There are two basic types of chlorine (chemical name “Cl”) available for swimming pools: liquid and granular. You’ll want to choose the one that works best for your pool and your budget. In addition to these two types, you’ll want to know the cost of Cl, what alternatives are available and how safe they are.
Liquid chlorine vs. granular chlorine
Liquid Cl is a fast and efficient way to sanitize your swimming pool. However, it can also lower your calcium and stabilizer levels. To avoid these problems, you should use granular Cl instead of liquid Cl for your swimming pool. This type of Cl is also lighter and easier to handle.
While both types of Cl have their advantages, the main difference between them is their cost. Liquid Cl is less expensive and is available in convenient refillable containers. It is also non-staining and leaves no residue after it has done its job. However, liquid Cl is more difficult to store and transport.
Another difference between the two forms of Cl is their pH level. Liquid Cl contains cyanuric acid, which makes it highly corrosive. In a smaller pool, this can cause problems. Liquid Cl can also leave high levels of cyanuric acid in the water, which will make the water cloudy and less effective.
Alternatives to chlorine
If you want to use chlorine alternatives to clean your swimming spot, there are several types of systems to choose from. These systems either use Cl separately or have built-in filters that produce chlorine automatically. Some are more effective than others, and some even reduce the amount of harmful chemicals used.
Among the most common pool Cl alternatives is an ionizer, which you can click here to learn about. Ionizers work by introducing metallic ions to the water using a low voltage current. The positively-charged ions attract and destroy the negatively-charged bacteria and algae.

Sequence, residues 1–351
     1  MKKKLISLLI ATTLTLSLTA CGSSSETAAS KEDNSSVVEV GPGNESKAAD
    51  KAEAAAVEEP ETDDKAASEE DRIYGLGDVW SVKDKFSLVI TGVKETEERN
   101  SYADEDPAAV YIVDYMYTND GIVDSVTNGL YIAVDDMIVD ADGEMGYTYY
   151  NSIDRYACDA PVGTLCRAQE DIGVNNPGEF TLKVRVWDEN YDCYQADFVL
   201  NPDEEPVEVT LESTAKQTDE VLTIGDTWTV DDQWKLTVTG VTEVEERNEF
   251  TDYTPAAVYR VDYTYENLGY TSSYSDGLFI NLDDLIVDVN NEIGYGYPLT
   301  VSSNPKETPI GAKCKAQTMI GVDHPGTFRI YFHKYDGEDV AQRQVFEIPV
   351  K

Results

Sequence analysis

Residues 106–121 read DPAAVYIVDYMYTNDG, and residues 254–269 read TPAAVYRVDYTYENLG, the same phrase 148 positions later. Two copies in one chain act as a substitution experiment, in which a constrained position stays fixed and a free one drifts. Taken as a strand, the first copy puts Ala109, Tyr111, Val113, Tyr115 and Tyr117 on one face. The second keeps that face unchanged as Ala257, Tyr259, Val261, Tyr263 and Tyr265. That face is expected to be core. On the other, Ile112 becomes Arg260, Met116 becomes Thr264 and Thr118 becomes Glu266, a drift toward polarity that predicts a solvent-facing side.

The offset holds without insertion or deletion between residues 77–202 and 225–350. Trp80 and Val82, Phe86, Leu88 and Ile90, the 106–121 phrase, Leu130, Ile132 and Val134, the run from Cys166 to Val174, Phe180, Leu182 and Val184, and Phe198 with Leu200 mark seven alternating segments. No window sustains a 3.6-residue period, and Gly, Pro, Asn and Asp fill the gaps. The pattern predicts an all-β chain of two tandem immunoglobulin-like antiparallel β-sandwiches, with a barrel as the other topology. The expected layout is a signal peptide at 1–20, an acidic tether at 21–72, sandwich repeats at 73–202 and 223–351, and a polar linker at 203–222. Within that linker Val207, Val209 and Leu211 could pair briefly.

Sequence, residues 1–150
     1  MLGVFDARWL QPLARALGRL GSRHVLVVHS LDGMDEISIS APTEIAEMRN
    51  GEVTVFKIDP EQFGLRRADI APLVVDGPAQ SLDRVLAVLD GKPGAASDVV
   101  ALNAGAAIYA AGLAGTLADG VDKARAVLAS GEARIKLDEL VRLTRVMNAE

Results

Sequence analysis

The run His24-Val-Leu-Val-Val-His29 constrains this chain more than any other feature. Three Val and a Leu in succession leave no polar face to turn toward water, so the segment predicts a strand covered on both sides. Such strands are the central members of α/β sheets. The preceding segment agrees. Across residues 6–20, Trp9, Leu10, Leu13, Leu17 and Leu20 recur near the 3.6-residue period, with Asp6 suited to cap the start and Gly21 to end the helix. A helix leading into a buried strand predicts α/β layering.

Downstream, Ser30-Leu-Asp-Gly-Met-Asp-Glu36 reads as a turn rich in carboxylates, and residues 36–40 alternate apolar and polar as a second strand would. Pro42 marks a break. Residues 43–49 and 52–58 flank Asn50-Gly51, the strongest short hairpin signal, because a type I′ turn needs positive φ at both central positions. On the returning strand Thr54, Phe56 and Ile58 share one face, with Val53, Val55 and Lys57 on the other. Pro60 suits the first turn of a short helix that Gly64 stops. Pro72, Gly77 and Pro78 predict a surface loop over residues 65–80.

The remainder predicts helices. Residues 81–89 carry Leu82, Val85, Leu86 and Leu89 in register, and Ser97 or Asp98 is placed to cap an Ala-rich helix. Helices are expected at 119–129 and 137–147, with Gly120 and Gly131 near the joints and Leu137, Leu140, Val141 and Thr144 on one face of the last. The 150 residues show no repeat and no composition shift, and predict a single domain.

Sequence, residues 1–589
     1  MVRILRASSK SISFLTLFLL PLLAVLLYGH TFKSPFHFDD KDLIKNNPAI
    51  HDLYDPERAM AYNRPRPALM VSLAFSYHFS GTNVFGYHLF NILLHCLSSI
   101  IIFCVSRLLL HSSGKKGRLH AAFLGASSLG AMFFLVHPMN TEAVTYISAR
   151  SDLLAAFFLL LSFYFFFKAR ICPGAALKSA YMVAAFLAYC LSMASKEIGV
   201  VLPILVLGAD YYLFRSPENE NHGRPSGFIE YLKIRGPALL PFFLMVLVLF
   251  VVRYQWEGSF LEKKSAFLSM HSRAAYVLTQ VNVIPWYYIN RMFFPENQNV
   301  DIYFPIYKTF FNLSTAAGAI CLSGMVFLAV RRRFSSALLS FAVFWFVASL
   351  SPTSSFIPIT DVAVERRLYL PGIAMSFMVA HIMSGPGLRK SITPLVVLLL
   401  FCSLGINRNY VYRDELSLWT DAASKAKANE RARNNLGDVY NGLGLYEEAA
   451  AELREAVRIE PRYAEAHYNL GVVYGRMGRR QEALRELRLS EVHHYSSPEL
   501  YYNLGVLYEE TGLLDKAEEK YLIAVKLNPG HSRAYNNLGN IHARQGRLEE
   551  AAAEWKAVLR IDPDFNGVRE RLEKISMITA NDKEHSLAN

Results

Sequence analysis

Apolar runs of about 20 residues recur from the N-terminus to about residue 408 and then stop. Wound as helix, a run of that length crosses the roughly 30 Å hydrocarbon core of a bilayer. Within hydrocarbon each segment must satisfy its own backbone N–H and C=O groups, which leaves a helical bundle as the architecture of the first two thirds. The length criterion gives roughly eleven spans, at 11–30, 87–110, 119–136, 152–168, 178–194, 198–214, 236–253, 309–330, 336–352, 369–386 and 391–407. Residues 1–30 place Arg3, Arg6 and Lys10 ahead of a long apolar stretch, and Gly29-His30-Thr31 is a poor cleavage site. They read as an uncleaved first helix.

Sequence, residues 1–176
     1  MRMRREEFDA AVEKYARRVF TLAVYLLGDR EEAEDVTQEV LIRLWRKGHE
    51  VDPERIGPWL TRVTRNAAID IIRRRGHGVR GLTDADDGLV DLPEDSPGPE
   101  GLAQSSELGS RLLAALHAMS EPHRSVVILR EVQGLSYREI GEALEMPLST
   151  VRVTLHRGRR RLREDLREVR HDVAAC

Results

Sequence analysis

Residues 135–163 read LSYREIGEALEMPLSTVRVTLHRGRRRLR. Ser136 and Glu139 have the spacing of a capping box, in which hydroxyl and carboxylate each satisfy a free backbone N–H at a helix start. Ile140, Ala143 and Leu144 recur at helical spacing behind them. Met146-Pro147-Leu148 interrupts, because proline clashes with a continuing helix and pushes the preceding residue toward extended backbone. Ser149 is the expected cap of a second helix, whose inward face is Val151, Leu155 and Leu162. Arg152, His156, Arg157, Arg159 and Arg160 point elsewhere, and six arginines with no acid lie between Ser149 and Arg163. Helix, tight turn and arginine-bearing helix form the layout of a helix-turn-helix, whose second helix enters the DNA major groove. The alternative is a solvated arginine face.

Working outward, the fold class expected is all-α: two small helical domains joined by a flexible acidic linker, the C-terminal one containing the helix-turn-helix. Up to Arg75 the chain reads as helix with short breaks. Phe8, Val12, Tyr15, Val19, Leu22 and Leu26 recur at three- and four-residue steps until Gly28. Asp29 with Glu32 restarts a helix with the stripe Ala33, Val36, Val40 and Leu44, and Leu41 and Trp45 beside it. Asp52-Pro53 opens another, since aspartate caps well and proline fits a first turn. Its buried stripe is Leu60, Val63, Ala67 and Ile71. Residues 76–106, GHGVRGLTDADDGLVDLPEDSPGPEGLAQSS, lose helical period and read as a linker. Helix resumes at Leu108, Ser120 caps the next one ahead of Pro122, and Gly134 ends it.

Non-Cl shock treatments are another great alternative to chlorine. They can reduce your swimming spot’s need for Cl by 50 percent. These are cartridge-based systems composed of minerals that kill bacteria, algae and microorganisms. However, you will need to replace the mineral cartridges every few months. As a result, they add up to your swimming spot maintenance budget.
Cost of chlorine
Cl supplies have increased significantly in price since the supply shortage started two years ago. As a result, the chemicals you use are at a higher price point than ever before. Although some local stores will teach you how to use liquid chlorine, they have recovered and have stocks of Cl, the shortage still persists. This is bad news for owners as these trends typically go upward over time.
In some places, the shortage is so severe that some public pools may have to close. This is frustrating, but more Cl alternatives are appearing in the market. One of the most popular alternatives is bromine, which is close to Cl, but it is easier on your eyes and skin. Another option is to swim before you shower, since this will reduce the amount of oil and bacteria in the water.
If you’re worried about algae growth, you can also add a phosphate remover to the water. This will prevent algae growth and also help the water pH remain stable. The amount of Cl needed will vary depending on how much you swim and how often you use it. A 20,000-gallon pool needs about one ton of Cl per month.
Safety of chlorine
The safest levels of chlorine for a swimming pool are those that stay between one and three parts per million (ppm). Higher concentrations can make swimmers itch and their eyes turn red. The best way to determine your swimming spot’s Cl level is to test it regularly. If the level is too high, wait four hours before adding more.
When mixing chemicals in it, it is important to wear personal protective equipment. Inhaling the toxic gas from these chemicals can cause severe burns on the skin and eyes. Wearing a face mask and wearing gloves are essential. In addition, the area should be well-ventilated.
Cl is a chemical that can kill many germs in water. It has been used for decades to disinfect pools and water. It is also known to protect swimmers from athlete’s foot and swimmer’s ear. It can even remain effective long after it is applied. The CDC offers a poster describing the benefits of Cl for pools (www.cdc.gov/healthywater).
Cl is poisonous when it is not diluted. Although the safest amount of Cl for your pool is one part per million, there are still risks. Do not overuse Cl or mix it with any acidic product, as this can lead to explosions. When you add Cl to your pool, make sure you are careful to keep your children safe.